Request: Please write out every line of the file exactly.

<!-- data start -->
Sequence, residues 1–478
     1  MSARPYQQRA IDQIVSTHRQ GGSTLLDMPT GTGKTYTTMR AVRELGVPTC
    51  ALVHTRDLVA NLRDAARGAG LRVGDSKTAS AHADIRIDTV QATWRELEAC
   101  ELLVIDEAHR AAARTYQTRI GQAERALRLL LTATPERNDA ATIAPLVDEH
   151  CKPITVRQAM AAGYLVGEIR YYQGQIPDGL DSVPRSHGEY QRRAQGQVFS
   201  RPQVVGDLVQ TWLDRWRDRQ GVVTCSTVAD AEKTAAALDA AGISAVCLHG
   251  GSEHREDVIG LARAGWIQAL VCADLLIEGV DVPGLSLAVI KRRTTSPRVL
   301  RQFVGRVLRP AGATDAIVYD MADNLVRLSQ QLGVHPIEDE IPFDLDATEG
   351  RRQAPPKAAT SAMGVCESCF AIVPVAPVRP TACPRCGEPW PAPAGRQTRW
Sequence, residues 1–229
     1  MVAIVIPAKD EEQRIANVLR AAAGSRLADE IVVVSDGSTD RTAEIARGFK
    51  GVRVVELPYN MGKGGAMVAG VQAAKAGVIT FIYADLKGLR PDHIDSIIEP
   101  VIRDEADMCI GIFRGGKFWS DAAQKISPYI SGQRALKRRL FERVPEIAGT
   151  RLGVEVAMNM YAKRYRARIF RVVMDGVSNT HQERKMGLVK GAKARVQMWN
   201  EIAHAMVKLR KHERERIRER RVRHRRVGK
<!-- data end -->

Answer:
Sequence, residues 1–478
     1  MSARPYQQRA IDQIVSTHRQ GGSTLLDMPT GTGKTYTTMR AVRELGVPTC
    51  ALVHTRDLVA NLRDAARGAG LRVGDSKTAS AHADIRIDTV QATWRELEAC
   101  ELLVIDEAHR AAARTYQTRI GQAERALRLL LTATPERNDA ATIAPLVDEH
   151  CKPITVRQAM AAGYLVGEIR YYQGQIPDGL DSVPRSHGEY QRRAQGQVFS
   201  RPQVVGDLVQ TWLDRWRDRQ GVVTCSTVAD AEKTAAALDA AGISAVCLHG
   251  GSEHREDVIG LARAGWIQAL VCADLLIEGV DVPGLSLAVI KRRTTSPRVL
   301  RQFVGRVLRP AGATDAIVYD MADNLVRLSQ QLGVHPIEDE IPFDLDATEG
   351  RRQAPPKAAT SAMGVCESCF AIVPVAPVRP TACPRCGEPW PAPAGRQTRW
Sequence, residues 1–229
     1  MVAIVIPAKD EEQRIANVLR AAAGSRLADE IVVVSDGSTD RTAEIARGFK
    51  GVRVVELPYN MGKGGAMVAG VQAAKAGVIT FIYADLKGLR PDHIDSIIEP
   101  VIRDEADMCI GIFRGGKFWS DAAQKISPYI SGQRALKRRL FERVPEIAGT
   151  RLGVEVAMNM YAKRYRARIF RVVMDGVSNT HQERKMGLVK GAKARVQMWN
   201  EIAHAMVKLR KHERERIRER RVRHRRVGK